Nina George writes contemporary novels centered on people "who undertake a physical journey that leads to self-discovery" because, she admits, she does the very same thing in her own life. "The quests, the odysseys, the 'joyful wanderings' (exploration, seeking the way, straying from the beaten path) are what constitutes a life." While she is of German descent, France is "in her blood" due to influences from her mother's side of the family. She believes "the French soul lay closer to (her) heart than German sensibilities." George lives in the Finistére region of Brittany, "at the end of the world.... Although," she claims, "some say it is where the world begins." The Little Paris Bookshop (read the review below or link HERE) was first published in German as "Das Lavendelzimmer" in 2013; it has sold over 500,000 copies and been translated into more than 27 languages. Crown will publish the novel in the U.S. in June. (Interview translated by Heidi Holzer.)
The Little Paris Bookshop largely takes place on French waterways. Have you ever taken a river cruise through France?
My father died the same year I'd planned to take the tour, and I also had a titanium implant in my neck. So I talked to "river people" and borrowed their river diaries. I spoke with tourists and locals. In 2014 (after the book had been on the bestseller list for a year), my husband, Jo, and I finally drove along the route. We ate and drank in Montargis and Cepoy, checked out houseboats for sale and drove across the canal bridge in Briare.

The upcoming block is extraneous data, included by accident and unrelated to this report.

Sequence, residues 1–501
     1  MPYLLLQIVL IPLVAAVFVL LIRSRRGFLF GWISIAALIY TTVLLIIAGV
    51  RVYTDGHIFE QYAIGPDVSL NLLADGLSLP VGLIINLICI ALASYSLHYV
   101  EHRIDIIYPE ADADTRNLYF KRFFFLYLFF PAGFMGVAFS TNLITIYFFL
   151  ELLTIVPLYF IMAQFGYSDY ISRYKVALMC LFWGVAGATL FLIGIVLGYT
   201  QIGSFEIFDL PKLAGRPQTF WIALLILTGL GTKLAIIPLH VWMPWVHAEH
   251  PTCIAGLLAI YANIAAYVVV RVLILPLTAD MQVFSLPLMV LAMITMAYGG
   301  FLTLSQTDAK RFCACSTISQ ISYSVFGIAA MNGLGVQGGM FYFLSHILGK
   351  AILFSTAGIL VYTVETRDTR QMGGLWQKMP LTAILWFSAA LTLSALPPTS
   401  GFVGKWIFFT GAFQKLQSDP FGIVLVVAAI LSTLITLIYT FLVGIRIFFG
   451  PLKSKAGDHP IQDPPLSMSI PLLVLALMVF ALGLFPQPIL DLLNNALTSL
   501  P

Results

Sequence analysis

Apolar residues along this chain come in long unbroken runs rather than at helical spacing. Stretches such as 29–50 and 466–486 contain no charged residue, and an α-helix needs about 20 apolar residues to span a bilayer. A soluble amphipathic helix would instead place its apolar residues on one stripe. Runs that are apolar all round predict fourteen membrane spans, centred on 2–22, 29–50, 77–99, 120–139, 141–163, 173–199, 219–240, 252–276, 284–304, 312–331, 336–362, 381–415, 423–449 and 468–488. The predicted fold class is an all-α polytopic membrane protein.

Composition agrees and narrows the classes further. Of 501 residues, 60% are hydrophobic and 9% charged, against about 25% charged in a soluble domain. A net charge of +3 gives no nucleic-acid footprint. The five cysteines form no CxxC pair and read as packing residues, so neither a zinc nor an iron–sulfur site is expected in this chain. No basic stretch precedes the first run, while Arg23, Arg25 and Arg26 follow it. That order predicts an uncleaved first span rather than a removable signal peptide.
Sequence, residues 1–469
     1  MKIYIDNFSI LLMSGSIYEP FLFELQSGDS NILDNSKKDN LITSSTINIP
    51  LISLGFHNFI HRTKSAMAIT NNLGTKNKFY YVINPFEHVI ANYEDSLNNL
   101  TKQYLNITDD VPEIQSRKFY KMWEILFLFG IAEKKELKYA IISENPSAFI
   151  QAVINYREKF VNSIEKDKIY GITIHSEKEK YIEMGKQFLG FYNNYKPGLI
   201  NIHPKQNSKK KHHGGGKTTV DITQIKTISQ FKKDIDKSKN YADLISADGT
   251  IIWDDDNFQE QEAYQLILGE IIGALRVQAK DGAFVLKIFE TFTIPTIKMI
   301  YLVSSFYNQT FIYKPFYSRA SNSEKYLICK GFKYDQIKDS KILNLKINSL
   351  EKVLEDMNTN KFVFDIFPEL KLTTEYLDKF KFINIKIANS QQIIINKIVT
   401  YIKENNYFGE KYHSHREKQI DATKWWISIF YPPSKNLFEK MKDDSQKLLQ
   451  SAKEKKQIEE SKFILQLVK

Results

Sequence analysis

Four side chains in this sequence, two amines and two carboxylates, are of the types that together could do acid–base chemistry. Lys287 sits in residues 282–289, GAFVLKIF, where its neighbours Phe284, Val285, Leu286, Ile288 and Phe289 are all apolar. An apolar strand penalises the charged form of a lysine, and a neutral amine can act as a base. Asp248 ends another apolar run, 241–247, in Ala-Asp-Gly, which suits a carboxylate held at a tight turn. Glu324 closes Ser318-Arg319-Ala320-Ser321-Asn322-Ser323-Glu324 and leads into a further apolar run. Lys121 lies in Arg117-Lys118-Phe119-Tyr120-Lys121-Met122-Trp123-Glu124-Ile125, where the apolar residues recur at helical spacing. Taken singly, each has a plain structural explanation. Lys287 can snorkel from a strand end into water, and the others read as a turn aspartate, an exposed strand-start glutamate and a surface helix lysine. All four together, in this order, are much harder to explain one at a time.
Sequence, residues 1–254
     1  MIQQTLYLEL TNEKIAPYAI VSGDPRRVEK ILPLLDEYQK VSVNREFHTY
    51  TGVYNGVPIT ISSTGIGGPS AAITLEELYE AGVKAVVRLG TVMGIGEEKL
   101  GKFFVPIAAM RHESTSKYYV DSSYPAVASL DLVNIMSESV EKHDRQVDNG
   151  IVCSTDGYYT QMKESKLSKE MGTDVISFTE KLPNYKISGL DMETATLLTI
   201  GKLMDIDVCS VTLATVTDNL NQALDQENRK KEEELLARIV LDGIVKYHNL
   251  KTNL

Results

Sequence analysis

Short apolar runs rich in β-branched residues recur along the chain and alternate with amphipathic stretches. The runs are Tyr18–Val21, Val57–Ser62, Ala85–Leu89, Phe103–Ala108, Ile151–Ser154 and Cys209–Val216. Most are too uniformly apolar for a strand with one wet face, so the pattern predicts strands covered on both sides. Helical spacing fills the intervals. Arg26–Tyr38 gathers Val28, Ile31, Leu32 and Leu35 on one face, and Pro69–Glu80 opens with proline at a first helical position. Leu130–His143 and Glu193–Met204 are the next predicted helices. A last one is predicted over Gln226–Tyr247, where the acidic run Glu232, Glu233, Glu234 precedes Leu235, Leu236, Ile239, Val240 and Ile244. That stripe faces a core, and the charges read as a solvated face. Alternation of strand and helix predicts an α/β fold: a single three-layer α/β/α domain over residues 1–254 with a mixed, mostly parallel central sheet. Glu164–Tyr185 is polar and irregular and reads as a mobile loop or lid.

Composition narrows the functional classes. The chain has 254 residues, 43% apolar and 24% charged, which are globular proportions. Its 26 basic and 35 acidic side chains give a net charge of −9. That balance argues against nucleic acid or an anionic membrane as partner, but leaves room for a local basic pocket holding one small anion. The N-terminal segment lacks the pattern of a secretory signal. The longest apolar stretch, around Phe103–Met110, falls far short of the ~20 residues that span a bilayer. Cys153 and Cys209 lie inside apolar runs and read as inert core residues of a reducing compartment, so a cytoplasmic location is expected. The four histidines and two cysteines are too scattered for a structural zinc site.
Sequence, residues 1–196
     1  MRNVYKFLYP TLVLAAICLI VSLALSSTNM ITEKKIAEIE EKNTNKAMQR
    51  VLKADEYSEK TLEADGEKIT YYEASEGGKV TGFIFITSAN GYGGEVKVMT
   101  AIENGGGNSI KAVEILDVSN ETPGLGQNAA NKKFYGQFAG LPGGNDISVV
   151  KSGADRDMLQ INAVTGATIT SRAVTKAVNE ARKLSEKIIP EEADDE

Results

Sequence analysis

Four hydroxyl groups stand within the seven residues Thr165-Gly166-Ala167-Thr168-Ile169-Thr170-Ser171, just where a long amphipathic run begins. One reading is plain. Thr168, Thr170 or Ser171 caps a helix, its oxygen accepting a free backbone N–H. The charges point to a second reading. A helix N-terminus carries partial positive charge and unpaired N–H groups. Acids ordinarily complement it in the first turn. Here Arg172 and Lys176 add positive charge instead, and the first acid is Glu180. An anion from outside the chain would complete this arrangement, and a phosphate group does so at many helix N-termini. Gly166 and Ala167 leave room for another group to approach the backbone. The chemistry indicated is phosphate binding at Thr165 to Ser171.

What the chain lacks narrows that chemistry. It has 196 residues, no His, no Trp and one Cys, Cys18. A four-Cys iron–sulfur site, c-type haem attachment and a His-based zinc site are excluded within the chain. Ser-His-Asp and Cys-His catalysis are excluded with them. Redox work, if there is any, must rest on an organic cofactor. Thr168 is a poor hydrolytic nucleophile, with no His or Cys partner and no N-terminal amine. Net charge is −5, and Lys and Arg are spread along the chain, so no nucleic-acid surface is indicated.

Sanary-sur-mer becomes the cornerstone of the novel. Is there any special reason why you chose to make this locale central to the plot of the story?
Oh, yes! In 2012, I explored Provence and drove around the region, 1,500 kilometers [930 miles], until the land answered my questions. I went to Sanary-sur-mer because it was the home of German women writers in exile. In a way, I felt as though I were in exile as well. My father had died, my body--my neck--was injured. It felt as though I'd lost my way: my life, my sense of inner childhood, my security. Sanary was a place of healing for me. I believe that everyone has a secret place where they are made "whole" again, no matter what it was that broke them in the first place.
Would you say a sense of brokenness inspired the novel?
Life. Death. Books. Dreams.... It began with the success of Die Mondspielerin/The Moon Musician, after which people expected me to write another novel. I wanted to explore the great themes of guilt, heartbreak and beginning one's "'actual" life all over again. My father died in 2011, and that was the caesura in my life, in everything that I am. I've been writing for 23 years. I'm a professional writer. Yet after my father's much too sudden death, I felt something break inside--my deep grief brought me back to myself. And it also redefined what I want to and am able to write about.
So I wrote about life, about survival after the death of a loved one, about the power of books that can heal everything--absolutely everything. And about living in one's own dreams. I felt free to do whatever I wanted, because I'd already gone through the worst possible thing in life. Since then, rules have no longer applied to me. For survivors, nothing is forbidden.
You pay your father a beautiful tribute in the dedication to this novel.